Workload automation

Workload Automation:

We know that implementing a workload automation tool could streamline business processes and save time and costs. Challenge as well as critical success factor is, which product to choose?

Few important considerations:

  • The job scheduler should be easy to use for everyone who operates it.
  • Should support complex dependencies without significant extra work for the team.
  • Obviously, it should give the best ROI, within the “budget”.

Also, it’s important to evaluate whether the enterprise needs a scheduler at all?

Key indicators to consider:

  1. Manually managing multiple systems / Multiple applications
  2. Regulatory/ compliance audit or reporting requirements not being met
  3. Missed SLAs
  4. Downtime caused by delays or errors
  5. scheduling dependent on knowledge of  one or few individuals
  6. Unavailability of a common interface for managing processes
  7. People performing huge efforts of monitoring and scheduling manually

Managing schedules and dependencies across multiple number of systems and applications across enterprise can consume huge amount of time of an administrator and development resources. It would be useful to have a view of the manual work being done by each person and associated manpower cost to the company. It helps evaluate the potential ROI later, when potential solutions for improvement are evaluated.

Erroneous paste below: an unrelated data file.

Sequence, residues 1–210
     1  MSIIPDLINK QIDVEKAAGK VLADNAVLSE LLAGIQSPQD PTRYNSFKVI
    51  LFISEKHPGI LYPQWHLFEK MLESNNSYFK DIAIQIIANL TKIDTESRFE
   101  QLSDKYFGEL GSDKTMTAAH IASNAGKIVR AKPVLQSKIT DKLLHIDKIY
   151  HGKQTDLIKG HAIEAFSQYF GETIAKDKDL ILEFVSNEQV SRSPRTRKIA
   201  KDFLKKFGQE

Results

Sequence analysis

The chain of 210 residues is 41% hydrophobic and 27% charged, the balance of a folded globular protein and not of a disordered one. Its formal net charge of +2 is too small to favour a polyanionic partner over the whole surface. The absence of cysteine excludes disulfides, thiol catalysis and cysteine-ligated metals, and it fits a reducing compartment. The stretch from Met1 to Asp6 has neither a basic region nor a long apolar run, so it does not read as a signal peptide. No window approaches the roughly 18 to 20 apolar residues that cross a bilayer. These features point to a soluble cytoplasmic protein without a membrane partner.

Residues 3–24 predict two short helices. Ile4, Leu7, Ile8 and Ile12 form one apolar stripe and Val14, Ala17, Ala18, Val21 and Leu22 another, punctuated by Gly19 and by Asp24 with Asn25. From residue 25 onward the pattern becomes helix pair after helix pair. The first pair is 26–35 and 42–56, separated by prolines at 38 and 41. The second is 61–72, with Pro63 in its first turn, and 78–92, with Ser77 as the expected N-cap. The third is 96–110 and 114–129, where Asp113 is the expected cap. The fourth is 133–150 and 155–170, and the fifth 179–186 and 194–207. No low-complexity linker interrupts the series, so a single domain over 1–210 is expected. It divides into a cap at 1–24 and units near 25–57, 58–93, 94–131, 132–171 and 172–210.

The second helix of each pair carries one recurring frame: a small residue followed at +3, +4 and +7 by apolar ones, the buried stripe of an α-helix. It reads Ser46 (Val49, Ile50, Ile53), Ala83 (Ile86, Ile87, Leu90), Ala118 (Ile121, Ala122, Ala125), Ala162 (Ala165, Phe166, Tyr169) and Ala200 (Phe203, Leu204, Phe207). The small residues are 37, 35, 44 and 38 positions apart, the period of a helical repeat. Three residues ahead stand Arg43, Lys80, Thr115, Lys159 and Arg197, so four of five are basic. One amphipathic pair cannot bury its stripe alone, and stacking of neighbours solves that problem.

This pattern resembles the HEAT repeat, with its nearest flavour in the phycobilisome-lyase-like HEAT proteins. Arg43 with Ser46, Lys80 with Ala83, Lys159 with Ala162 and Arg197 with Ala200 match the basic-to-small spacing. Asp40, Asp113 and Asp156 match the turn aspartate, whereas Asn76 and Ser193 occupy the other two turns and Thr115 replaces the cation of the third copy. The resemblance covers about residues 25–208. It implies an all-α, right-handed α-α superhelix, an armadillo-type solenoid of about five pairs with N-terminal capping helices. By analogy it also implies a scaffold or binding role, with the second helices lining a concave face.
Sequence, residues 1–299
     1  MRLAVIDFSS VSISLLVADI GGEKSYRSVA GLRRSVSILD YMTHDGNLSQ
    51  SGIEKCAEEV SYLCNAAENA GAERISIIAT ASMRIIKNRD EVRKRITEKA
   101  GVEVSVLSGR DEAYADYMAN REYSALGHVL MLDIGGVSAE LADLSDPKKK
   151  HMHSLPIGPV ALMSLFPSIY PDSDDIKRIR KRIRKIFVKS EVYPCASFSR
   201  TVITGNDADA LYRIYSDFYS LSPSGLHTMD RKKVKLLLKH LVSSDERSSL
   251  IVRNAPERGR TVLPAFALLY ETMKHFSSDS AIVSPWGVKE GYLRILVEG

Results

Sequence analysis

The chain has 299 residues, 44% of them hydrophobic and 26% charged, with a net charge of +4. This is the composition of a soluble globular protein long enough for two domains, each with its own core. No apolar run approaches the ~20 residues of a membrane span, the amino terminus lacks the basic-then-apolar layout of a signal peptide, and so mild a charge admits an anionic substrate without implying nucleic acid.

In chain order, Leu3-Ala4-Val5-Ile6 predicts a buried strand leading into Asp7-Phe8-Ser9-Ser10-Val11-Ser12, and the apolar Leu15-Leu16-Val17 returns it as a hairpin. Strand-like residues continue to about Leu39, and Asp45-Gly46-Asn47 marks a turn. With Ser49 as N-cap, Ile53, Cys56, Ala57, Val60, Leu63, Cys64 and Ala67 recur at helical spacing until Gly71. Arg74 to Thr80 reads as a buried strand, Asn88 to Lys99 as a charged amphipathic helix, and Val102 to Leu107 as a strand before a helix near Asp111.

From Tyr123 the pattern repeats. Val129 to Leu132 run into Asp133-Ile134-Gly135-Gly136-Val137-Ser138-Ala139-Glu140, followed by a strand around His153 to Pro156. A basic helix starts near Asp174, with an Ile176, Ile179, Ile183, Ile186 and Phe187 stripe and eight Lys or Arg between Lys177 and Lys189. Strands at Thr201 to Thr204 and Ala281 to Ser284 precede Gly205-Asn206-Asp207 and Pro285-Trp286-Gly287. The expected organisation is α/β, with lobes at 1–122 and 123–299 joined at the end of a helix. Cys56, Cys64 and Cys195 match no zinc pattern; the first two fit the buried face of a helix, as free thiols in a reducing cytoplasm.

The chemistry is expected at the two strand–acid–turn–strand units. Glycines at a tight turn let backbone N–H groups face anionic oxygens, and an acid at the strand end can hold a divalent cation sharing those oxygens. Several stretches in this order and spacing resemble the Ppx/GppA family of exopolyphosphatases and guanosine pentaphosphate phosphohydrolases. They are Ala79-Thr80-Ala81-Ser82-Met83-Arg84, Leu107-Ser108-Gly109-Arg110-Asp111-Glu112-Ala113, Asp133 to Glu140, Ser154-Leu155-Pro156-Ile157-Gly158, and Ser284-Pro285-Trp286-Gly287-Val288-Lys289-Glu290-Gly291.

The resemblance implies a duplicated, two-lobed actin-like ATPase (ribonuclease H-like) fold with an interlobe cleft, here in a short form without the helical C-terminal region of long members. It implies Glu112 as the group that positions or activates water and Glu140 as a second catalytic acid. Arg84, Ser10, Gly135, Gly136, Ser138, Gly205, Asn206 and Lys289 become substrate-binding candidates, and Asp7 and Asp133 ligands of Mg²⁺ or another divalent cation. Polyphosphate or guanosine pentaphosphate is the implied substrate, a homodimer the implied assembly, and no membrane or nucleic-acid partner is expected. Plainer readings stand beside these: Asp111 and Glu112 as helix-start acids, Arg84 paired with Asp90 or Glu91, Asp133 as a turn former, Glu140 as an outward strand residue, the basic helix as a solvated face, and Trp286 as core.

Next step is, list out all the requirements by business and function. The list should then be analysed and categorised into “Must to have” requirements, “nice to have”, and perhaps “optional to have” requirements.

An enterprise scheduler system with “must to have” capabilities of automating and monitoring & tracking of completion of jobs (or events or blocks of work planned) will lead to benefits instantly by improving efficiency.


Need is to to determine any requirements for operations. The operations should support the business ensuring the works or jobs are done on time as per plan i.e. appropriate SLAs are met. Reliability of those outcomes are key.


It is obviously a must to plan and meet the budget requirements for the change drive. The costs that should be budgeted may include costs for any (new) software, Hardware, infrastructure, ongoing support and maintenance, training (initial & ongoing, if any), people costs et al.

Finally, I would recommend evaluating 2-3 vendor options against the business requirements and obtain the costs in terms of one-off fixed costs and any ongoing costs. These costs along with potential savings from process changes and removals shall be compared to calculate potential ROI for the business from the changes. Also the enterprise needs to be pragmatic with potential ROI because it could be a combination of qualitative (improving experience of customers, employees etc) as well as quantitative (hard savings, faster revenue generation etc).

Happy Times!

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